In the third and final article in our series on populating new hives, we discuss purchasing fully-established hives. While novice beekeepers can greatly benefit from starting off with a colony that is already up-and-running, there are things to watch out for.
Experienced beekeepers will usually buy package bees or nucleus colonies to populate their hives as the weather warms. For new beekeepers, however, using these methods to establish a new colony can be a challenge. From picking the right location to setting up the hive, installing package bees or nucs to inspecting the progress on drawing out foundation, there’s a lot to learn.
Buying Established Hives
For some novice beekeepers, the easiest way to successfully join in the fun is purchasing fully established hives. Often sold by experienced individual or commercial beekeepers, acquiring established hives has many benefits for the beginner. However, not all hives for sale are of equal quality.
Most experienced beekeepers who sell established hives are happy to answer reasonable questions. However, don’t simply rely upon verbal promises that the hive is in good shape and the colony is healthy. Instead, take the time to visit the seller and inspect the hive components for yourself. Lift out a few frames to look for healthy brood and good food reserves. Lastly, look at the general state of the seller’s equipment and observe how they handle the bees.
Inspecting Established Hives
Buying an established hive from an experienced and knowledgeable keeper is a good way to insure a successful first year. To make sure you are starting off with the best colony and equipment possible, look for the following:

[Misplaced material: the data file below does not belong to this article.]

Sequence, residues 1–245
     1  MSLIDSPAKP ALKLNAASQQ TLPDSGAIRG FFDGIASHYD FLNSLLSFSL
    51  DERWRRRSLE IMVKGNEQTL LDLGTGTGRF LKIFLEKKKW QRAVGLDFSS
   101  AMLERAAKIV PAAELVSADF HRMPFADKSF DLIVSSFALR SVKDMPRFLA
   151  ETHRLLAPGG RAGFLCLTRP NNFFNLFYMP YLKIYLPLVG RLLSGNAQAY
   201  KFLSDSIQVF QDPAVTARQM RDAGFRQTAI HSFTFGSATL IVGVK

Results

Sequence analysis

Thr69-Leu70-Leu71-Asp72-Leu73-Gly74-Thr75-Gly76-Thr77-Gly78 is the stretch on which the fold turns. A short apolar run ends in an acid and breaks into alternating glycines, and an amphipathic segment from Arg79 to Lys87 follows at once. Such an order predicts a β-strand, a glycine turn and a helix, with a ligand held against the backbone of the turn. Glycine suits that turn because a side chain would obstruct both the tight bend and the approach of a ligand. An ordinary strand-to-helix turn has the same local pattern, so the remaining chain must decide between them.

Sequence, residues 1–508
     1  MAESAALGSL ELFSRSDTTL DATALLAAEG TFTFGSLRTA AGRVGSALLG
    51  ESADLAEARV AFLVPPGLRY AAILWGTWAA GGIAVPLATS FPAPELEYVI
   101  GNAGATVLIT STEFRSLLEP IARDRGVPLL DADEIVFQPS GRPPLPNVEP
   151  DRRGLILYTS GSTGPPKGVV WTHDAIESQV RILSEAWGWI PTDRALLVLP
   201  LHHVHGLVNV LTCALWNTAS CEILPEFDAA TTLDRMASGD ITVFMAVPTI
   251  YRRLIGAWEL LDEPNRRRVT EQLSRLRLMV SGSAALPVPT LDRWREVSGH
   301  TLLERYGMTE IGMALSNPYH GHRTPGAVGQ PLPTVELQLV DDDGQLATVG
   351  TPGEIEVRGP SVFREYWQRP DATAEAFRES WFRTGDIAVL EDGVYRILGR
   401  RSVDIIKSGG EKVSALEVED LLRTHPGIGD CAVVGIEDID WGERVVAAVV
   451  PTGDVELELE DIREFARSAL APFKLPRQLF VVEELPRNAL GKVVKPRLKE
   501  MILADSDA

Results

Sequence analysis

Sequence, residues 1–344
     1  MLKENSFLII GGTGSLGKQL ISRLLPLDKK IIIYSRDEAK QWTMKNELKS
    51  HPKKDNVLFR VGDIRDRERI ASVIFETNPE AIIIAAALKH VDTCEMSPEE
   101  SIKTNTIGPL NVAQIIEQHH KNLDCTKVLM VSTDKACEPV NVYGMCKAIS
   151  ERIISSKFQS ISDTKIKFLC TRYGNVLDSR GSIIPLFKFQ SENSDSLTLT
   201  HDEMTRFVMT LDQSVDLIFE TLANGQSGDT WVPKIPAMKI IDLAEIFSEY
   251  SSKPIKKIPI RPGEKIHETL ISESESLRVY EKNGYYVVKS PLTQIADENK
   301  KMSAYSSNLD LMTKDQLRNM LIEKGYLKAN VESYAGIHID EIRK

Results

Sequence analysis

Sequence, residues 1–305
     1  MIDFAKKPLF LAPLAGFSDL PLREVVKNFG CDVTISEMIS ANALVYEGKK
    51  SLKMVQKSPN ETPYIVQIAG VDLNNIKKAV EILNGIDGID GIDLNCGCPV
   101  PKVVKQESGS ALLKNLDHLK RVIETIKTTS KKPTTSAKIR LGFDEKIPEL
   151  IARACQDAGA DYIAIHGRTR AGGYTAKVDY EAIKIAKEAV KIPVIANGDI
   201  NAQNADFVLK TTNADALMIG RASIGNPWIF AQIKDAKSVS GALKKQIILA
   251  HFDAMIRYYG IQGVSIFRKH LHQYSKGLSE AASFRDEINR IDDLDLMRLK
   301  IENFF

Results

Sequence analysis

Properly Set Up and Maintained Hive
Be sure that the equipment is of the proper type and arranged properly. A standard set-up uses one or two hive bodies on the bottom with shallower honey supers above. Each box should have the proper number of frames arranged in an evenly spaced manner. Ask the seller about any other equipment that is present, such as queen excluders or syrup feeders, and look to see what type of bottom board is used.
Next, look at the condition of the equipment. Hive components should be painted on the exterior surfaces (but not on the inside surfaces!) and should be free of wood rot or other damage. Box and frame corners should be snug and tight, not loose or wobbly. Be especially aware of any foul smells emanating from the hive. While a bee hive does have a distinctive smell, it should not be offensive or smell of decay.
Healthy Queen and Brood
Well-cared-for hives should have an actively-laying queen that is fully accepted by the colony. The seller should be able to quickly find and identify the queen and have no problem pulling up a few of the frames for a quick inspection. While it is not difficult to introduce a new queen with a queen cage, it does require more work and knowing how to identify problems should they arise.
The frames in the hive body should have many brood cells of young bees at various stages. You should see open cells with eggs or larvae, as well as brown-capped cells with developing brood. These cells should be relatively tightly grouped in a solid pattern towards the center of the frames. If there are many empty cells or the pattern is very random, there are likely issues with the queen or colony.
Lots of Workers and Food
When the hive is first opened, the bees should be numerous, filling most of the open spaces between the frames. The overall demeanor of the bees should be calm and accepting of the inspection. While it can be a bit jarring to take your first look inside a busy hive, the bees should be used to it and not appear overly agitated.
Along the top edges of the frames in the hive body and throughout the frames in honey supers, you should see plenty of cells with food stores. Capped honey cells are typically found towards the top of the frames, while cells of nectar are left open until they dry out to the proper consistency. Cells full of pollen may be of different colors, from light yellow to orange to dark brown, depending on the season and flora available in the seller’s location.
Confident and Organized Beekeeper
Lastly, observe the general state of the seller’s equipment and how he or she interacts with the bees. An experienced beekeeper will move calmly and confidently, showing little fear and lots of respect for the bees. Well organized and cared for tools, equipment and hives are the hallmarks of a reputable keeper. If the general state of these items is sloppy, dirty or haphazard, there is a good chance the colony is of less-than-stellar quality, too.
Read the Other Articles in This Series:
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